Children who are more likely to develop type 2 diabetes should be screened, which will be suggested by a doctor. Type 2 diabetes in children can be diagnosed using a variety of blood tests.

  • Glycosylated hemoglobin (A1C) test: The results of this test reveal the child’s three-month average blood sugar level. Diabetes is identified by an A1C result of 6.5% or higher.
  • Fasting blood sugar test: Blood sample is drawn from the child after they did not consume any food or water for at least 8 hours prior to the test. Diabetes is indicated by a fasting blood sugar level of 126 mg/dL (7.0 mmol/L) or greater.
  • Random blood sugar test: This blood test is taken anytime even if the child had consumed food. Diabetes is suggested by a blood sugar level of 200 mg/dL, or 11.1 mmol/L, or higher, measured at random.
  • Glucose tolerance test: The child will be refrain from eating or drinking anything after midnight. They will be given something to drink and after two hours, and blood sugar levels will be checked periodically. The child likely has diabetes if their blood sugar level is 200 mg/dL (11.1 mmol/L) or above.

Children who have been diagnosed with diabetes will undergo additional testing to determine if they have type 1 or type 2 diabetes, this will help the doctor to provide an appropriate treatment plan.


The purpose of treatment is to maintain the child’s blood sugar levels within the target range, which should be as close as possible to the normal range.

The blood sugar target range of the child will be communicated to the parents by their healthcare provider, who may also establish an A1C target. As the child grows, these figures as well as the diabetes treatment program for the child may also change.

Type 2 diabetes requires ongoing care and may be treated with the following:

  • Healthy eating: Children with type 2 diabetes would be recommended to undergo weight loss program to maintain a healthy weight, or to lose weight to improve the blood sugar level. It is recommended that the child or the family would take low fat and calories food, and high in nutritional value.

Fruits, vegetables, nuts, whole grains, and olive oil are all important components of a healthy diet. Make sure to choose fiber-rich, low-fat, low-calorie foods without sacrificing flavor or nutrients to aid in your child’s goals. The dietician for the child can assist in making a meal plan that considers the child’s dietary preferences and health objectives.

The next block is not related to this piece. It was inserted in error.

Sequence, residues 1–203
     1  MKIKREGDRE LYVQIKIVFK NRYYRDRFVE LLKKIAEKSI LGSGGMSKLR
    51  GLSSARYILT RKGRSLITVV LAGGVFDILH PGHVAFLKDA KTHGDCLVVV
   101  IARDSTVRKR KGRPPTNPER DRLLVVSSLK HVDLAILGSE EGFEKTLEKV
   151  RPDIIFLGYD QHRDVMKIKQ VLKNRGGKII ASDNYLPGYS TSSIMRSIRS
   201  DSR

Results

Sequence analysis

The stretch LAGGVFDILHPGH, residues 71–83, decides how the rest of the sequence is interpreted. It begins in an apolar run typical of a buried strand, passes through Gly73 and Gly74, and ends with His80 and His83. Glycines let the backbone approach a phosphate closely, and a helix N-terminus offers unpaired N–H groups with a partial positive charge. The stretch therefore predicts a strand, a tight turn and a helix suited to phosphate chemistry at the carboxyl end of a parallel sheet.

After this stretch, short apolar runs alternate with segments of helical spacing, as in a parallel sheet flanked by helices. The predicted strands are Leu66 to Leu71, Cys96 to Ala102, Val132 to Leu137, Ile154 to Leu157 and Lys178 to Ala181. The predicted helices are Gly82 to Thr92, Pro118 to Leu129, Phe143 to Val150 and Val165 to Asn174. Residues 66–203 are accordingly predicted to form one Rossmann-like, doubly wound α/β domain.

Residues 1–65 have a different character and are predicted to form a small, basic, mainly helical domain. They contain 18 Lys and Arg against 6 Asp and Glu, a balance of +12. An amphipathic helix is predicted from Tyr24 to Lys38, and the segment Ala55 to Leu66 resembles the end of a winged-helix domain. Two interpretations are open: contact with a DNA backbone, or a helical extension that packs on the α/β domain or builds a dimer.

• Medication: The following medicines are approved for treating the type 2 diabetis in children:
    • Metformin: This medication improves how well the body’s cells use insulin and lowers the amount of sugar that a child’s liver releases into the circulation between meals.
    • Liraglutide: This medicine is administered by injection. Following meals, when blood sugar levels are greater, liraglutide aids in the body’s production of more insulin from the pancreas. The adverse effects of this drug on the digestive system could include nausea or diarrhea.
    • Insulin: If the child’s blood sugar levels are really high, insulin may occasionally be required. The blood sugar level is decreased by insulin by allowing sugar to enter the cells for energy.

Although there are many different types of insulin, type 2 diabetes in children is frequently treated with a long-acting insulin once daily and a short- or rapid-acting insulin with meals. A syringe or an insulin pen is commonly used to administer insulin.

  • Physical activity: Physical activity should be included at the child’s everyday activity, even it is break-out into a smaller time, and it is not necessary to complete it all at once. Children with type 2 diabetes, like everyone else, should regularly engage in aerobic exercise. Children who engage in physical activity are better able to manage their weight, burn through sugar, and use insulin more efficiently. This may reduce blood sugar levels.